The metaphysical speculation of Eriugena pre-supposes no radical separation between the creator and the creation; hence, his supposition that the creation is of the same substance as that which is created, as in the case of Plotinus’ order of metaphysical entities emanating from the One. All things, events, and their consequences, are rationally and logically connected. According to Eriugena, there is reason and purpose inscribed in the order of nature because the source of nature is itself rational and purposive. The motives of human beings, then, are the motives of God; furthermore, the rational nature of the human subject allows the rational mind of man to access and become one with the rationally intelligible object. In terms of nature achieving final stability and perfection, the cycle of the return of nature to its divine source crowns Eriugena’s conception of God as the beginning, middle, and end of Himself.

According to the view of Hegel, the act of the World Spirit coming to know itself through human history is a dialectical process that culminates in the manifestation of universal freedom. The Hegelian contribution to the conception of God becoming man plays out in his conception of the progress of world history, which is moved through a series of punctuated events involving what are referred to by Hegel as “world historical individuals.” These individuals, of which such men as Caesar and Napoleon are exemplars, are the tools of the World Spirit, the means by which history is moved forward. Great leaders, while believing themselves to be in command of their own will and actions, are in reality guided by the World Spirit towards the achievement of its necessary end, which is the coming to a knowledge of itself through history.

Because the World Spirit does not act prior to the unraveling of historical events, but rather in conjunction with history itself, the World Spirit, like Eriugena’s God, does not exist outside of the historical conditions that it imposes on itself. For this reason, Hegel postulates a logical order in the material world that reflects the logical operations of the World Spirit within history — human history is the history of the World Spirit. Thus, the “world historical individuals” that are the pawns of the World Spirit are great individuals because they are employed to move history forward towards a greater manifestation of freedom. Leaders that are tyrannical, or butchers, are not, properly speaking, instruments of the World Spirit, insofar as their actions do not accord with the universal principle of freedom.

The unconscious beginning of the World Spirit’s purpose of achieving its own self-realization indicates that the process of history is, in the end, not a mere return of all things to their common origin, as is the case with Eriugena’s conception of the common redemption of nature. Rather, what is true of the World Spirit is also true of history, according to Hegel — the end of history is not the same as the beginning, and thus the nature of the World Spirit acts as a principle of coming-to-be, rather than a static principle standing apart from the material world and the progress of human history.

For Dostoevsky, the question of why man, as God created him, suffers and experiences evil, strikes at the heart of the question concerning what the nature of God is, and how man comes to terms with, or rejects, a God that transcends his primitive “Euclidean mind.”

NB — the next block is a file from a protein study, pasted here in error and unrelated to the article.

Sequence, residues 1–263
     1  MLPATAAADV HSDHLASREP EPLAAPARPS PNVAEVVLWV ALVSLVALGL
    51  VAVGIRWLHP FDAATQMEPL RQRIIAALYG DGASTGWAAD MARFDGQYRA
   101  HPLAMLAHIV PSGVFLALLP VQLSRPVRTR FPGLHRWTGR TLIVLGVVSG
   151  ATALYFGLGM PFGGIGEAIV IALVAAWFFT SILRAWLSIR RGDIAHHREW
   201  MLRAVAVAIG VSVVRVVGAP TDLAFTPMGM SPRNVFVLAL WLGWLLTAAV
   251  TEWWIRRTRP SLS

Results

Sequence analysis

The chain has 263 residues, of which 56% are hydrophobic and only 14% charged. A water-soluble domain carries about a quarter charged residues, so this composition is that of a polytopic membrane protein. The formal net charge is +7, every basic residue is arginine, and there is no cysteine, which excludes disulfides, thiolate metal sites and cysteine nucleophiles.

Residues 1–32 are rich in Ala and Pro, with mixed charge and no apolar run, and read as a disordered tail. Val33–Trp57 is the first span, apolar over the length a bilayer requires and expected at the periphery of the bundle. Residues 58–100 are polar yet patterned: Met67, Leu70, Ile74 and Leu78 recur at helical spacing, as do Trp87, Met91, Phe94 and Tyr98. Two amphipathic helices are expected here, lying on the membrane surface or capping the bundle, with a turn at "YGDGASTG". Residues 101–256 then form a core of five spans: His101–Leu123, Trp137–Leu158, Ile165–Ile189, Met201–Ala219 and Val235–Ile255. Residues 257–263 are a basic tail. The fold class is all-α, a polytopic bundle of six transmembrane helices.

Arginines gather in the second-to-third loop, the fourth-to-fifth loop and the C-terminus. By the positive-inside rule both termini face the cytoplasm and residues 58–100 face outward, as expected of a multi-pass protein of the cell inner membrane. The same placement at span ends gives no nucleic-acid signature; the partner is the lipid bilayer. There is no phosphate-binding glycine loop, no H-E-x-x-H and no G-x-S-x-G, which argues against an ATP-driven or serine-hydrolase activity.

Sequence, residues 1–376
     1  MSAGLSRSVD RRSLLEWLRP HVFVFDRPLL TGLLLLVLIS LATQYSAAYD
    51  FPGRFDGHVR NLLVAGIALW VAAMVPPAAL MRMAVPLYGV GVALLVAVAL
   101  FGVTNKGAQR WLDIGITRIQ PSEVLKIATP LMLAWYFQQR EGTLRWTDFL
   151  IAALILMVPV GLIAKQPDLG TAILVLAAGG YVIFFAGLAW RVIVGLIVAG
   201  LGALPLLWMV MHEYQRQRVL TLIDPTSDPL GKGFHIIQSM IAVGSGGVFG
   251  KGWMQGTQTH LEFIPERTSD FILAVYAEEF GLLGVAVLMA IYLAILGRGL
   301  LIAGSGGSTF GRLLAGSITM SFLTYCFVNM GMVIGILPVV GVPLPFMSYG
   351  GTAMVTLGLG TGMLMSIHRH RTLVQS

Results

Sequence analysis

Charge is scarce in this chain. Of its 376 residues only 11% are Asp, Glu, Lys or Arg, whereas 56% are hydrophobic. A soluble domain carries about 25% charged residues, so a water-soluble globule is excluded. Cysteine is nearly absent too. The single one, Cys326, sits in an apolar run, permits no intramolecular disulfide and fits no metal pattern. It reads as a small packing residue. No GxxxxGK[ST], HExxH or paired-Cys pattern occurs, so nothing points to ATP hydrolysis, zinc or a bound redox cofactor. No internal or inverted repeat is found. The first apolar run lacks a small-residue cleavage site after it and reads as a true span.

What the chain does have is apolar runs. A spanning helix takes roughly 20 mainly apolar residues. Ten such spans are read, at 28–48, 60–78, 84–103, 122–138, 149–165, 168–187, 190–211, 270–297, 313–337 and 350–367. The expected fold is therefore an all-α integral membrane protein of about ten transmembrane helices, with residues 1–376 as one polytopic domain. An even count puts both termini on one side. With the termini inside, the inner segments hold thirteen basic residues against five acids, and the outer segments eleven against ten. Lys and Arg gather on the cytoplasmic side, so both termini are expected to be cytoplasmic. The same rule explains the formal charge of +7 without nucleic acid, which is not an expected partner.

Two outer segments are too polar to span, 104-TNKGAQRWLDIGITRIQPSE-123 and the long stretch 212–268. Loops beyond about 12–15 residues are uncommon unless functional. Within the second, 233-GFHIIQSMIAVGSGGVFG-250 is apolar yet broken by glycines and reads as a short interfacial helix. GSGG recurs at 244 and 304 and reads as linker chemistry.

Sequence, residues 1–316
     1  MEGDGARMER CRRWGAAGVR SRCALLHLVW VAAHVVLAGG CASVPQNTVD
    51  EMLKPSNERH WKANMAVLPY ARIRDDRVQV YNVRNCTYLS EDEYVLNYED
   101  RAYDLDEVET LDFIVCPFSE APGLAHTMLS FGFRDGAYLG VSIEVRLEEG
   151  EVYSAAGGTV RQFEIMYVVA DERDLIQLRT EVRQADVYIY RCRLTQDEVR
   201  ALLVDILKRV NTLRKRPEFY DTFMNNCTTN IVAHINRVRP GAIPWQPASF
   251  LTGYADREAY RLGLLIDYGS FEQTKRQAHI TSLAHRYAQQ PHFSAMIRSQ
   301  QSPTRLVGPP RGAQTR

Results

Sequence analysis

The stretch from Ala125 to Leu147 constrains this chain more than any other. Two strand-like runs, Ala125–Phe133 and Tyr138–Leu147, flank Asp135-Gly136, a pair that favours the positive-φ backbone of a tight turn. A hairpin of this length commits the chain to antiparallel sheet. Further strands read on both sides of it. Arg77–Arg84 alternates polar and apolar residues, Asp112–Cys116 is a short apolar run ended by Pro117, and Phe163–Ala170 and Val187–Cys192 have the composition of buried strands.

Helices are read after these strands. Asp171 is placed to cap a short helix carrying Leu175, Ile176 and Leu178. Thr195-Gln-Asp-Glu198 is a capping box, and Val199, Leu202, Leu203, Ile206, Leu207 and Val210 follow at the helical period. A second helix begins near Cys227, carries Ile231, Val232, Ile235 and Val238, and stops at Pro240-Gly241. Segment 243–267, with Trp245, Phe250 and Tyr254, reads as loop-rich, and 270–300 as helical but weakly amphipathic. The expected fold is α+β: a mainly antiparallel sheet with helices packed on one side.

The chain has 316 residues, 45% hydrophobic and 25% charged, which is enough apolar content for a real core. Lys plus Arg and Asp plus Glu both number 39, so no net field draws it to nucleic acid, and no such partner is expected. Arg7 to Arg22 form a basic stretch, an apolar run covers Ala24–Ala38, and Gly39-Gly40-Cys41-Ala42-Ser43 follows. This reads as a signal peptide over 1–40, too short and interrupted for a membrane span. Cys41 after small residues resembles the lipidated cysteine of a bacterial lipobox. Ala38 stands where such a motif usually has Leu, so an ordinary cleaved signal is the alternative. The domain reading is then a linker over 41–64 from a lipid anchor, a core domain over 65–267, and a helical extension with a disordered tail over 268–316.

Dostoevsky maintains that only if God Himself suffers along with mankind, can God be exonerated for having ever allowed even one man to suffer. God, Dostoevsky maintains, has come in the Person of Christ, and has given “His innocent blood for all and everything.” The version of theodicy found in Dostoevsky’s Brothers Karamazov provides the answer to the question of how God participates in His creation. Because of the existence of suffering, and humankind’s incapacity to solve the problem of suffering, God must of necessity involve himself in a particular historical moment, manifesting in the person of Christ, the God who suffers and dies just as human beings do.

It must be borne in mind that neither the Promethean efforts of the Grand Inquisitor, nor Ivan’s rejection of God on the grounds that God explains nothing about why man must suffer and experience evil, represent Dostoevsky’s final answer to the question of whether God is necessary for man’s moral life and thought. In fact, his portrait of nihilism serves to implicitly show precisely why God is necessary — man without God is but one step away from cannibalism and brutality.

For Dostoevsky, the possibility of man successfully propping up traditional or conventional morality with “humanistic” atheism, purified of the anthropomorphisms of religion, is an absurdity. That man is “weak, vicious, worthless and rebellious,” is a given to Dostoevsky. Man is no Prometheus; rather, he is in constant need of aid coming from outside of him. If the divine law, or the ever-present eye of god is extinguished, man lives in rebellion from all that has hitherto preserved him. Dostoevsky admits that human nature is guided largely by its own inherent baseness, but the added observation that man is naturally rebellious provides the key to understanding Ivan’s atheism: the instinct towards baseness is the instinct to rebel. However, rebellion, as a valid reaction against the God who allows humankind to suffer needlessly, is cancelled in the free act of God to come in the person of Christ, who suffers and lays down his life for all men.